He loved it. And on one of his runs he saw and filmed dozens of sand pipers and American oyster catchers, more than either of us had ever seen; spring migration for the sand pipers, and a regular breeding ground for the oyster catchers. Because of this dogs are not allowed on the beach (although we saw one romping in the distance). So we came out together one bright cold day, and walked for miles.


Walking back again in the familiar dunes behind Fort Tilden (previously reached by a combination of subway and bus), an early shoreline spring was visible only in the pussy willows.


On our way home we stopped at the Jamaica Bay Wildlife Refuge, hoping for a glimpse of a late-season snowy owl. No owls, but we did see snow geese and warblers, as well as a bumper crop of juniper pollen from the eastern red cedars (Juniperus virgiana). Atchoo. But an interesting ingredient if you have the patience to collect it. I included the fine dust in a batch of madeleines.


16 April, Prospect Park, Brooklyn

Fifteen minutes from home, this time on my bicycle, and the Cornelian cherries, one of the first trees to flower, were in full bloom. Thanks to them I have been exploring the food of Georgia and Eastern Europe - specifically via the books of Darra Goldstein's The Georgian Feast and Olia Hercules's Kaukasis and Mamushka. Cornus mas is native to that region and is used in local recipes. While it may be the first to flower it is also among the last to fruit: you will spot the crimson, plum-like (but cherry-sized) fruits in late summer. They begin tart and crisp, and turn sourly plummy as they darken.


Spotted in the woods, my friend the white throated sparrow, whose call is painfully sweet, is often scratching about in the leaf litter of woodlands and gardens from winter through May.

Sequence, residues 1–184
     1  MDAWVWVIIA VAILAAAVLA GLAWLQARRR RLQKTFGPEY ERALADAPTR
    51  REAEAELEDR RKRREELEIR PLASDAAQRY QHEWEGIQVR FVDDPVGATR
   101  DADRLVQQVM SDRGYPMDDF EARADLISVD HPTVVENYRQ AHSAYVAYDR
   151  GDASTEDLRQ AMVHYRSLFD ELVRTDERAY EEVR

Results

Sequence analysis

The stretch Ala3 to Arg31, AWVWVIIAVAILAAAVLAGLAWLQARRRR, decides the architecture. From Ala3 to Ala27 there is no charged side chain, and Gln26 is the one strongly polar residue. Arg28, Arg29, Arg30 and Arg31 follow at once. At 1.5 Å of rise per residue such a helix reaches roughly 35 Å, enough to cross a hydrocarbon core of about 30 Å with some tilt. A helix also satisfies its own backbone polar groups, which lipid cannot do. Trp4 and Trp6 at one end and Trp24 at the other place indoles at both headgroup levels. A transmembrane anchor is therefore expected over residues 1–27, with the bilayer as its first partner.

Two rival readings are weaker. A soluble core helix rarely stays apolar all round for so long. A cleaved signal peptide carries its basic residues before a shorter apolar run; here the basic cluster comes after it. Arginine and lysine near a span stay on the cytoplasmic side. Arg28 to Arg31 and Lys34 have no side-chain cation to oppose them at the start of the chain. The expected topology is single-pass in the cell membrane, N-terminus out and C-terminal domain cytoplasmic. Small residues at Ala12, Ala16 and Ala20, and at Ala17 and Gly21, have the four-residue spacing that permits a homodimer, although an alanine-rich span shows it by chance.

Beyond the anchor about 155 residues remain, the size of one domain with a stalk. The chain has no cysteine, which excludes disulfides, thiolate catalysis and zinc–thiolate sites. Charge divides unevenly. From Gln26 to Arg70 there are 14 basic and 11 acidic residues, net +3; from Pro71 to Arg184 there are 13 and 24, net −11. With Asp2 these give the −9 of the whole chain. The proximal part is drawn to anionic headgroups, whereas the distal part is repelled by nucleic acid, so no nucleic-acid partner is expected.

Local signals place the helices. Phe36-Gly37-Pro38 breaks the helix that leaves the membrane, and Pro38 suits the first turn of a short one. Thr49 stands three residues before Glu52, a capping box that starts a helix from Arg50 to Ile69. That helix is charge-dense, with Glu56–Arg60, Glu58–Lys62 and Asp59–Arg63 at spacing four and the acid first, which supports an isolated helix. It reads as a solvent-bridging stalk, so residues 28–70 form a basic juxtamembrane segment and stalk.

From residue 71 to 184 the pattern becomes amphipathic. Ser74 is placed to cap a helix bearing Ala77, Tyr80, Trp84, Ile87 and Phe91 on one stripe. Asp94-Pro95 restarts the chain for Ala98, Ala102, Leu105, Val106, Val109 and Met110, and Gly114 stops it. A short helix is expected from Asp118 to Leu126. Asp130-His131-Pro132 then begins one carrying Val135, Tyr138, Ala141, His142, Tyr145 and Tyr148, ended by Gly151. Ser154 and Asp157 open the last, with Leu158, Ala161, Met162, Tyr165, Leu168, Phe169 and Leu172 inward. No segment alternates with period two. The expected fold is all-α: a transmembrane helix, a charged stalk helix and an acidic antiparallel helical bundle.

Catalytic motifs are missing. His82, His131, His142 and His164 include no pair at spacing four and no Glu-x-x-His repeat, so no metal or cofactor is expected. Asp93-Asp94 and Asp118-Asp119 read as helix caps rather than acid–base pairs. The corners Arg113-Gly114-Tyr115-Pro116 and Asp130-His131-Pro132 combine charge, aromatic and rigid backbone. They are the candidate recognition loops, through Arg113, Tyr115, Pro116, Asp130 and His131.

14 April, Caumsett State Park, Long Island

Formerly the estate of Marshall Field III, on the North Shore of Long Island, this park was new to us. Near the small town of Oyster Bay (where I could live very happily), it has wide vistas, serious trees, and a long empty shoreline. While hundreds of cars waited to be admitted to the vast parking areas around deserted former milking barns, we were able to escape the crowds. They made for the main manor house. As usual, we headed in the opposite direction.


And there we found clean water and a pebbly beach that reminded us a lot of the North Fork. It was very chilly, but the blue sky and water breathed relief into us at a time when we were both stressed to breaking point. For a few hours we shut everything out, and listened, and watched, and absorbed.


Along the shore I found healthy colonies of periwinkles, and collected some in our now-empty lunch box. I cooked them very simply, later - boiled, and then dipped into an aioli - it brought back memories of expensive shellfish platters at the Café du Centre in Geneva, in my singing days, and at Balthazar in SoHo, where I have not eaten in many years. The seaweed is bladder wrack (on account of its built in bladders) and I dried it - it made a wonderful, chip-like snack, and is also a very good seed cracker ingredient. As we turn to eating fewer carbohydrates (a new thing) I have been making a lot of seed crackers. Everyone wants the recipe.